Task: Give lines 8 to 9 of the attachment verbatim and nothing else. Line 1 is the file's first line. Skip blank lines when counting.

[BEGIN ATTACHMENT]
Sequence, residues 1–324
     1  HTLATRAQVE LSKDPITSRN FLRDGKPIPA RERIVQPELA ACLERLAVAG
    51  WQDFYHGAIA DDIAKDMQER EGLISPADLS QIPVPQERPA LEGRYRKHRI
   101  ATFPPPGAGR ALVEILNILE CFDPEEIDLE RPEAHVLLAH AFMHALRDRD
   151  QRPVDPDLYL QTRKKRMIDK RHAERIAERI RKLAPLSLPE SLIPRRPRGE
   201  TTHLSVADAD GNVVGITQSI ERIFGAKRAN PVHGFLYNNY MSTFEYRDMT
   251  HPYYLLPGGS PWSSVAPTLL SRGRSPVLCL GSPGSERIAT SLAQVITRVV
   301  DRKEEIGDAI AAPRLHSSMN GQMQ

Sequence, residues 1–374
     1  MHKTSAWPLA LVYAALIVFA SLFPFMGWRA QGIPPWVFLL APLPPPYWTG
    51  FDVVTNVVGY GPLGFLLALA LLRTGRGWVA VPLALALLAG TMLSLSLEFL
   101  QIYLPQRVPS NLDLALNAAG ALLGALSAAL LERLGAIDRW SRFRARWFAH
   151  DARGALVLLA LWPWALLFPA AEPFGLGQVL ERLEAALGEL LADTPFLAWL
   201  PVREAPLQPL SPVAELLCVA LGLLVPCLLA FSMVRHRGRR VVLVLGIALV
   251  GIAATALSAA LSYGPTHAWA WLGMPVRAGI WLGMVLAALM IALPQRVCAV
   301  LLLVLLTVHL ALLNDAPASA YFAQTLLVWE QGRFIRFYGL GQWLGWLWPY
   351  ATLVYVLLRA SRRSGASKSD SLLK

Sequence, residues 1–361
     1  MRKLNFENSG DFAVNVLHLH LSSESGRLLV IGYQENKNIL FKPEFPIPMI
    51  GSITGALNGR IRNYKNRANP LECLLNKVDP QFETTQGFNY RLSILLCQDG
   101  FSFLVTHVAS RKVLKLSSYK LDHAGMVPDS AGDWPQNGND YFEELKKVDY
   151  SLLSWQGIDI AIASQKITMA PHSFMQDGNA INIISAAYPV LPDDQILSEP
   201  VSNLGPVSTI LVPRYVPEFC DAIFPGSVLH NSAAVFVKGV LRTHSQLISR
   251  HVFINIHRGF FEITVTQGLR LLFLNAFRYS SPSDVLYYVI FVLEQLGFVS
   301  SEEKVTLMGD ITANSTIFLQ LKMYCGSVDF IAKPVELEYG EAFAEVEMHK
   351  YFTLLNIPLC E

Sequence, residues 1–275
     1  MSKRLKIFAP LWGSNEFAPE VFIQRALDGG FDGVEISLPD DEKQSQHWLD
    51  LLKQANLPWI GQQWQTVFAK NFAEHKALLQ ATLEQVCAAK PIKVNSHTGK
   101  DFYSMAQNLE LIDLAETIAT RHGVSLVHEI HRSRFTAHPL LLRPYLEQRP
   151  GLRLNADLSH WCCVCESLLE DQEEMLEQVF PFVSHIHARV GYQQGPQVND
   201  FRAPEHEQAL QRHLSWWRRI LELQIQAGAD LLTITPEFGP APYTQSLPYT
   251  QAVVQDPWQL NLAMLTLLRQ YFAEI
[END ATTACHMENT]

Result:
   301  DRKEEIGDAI AAPRLHSSMN GQMQ

Sequence, residues 1–374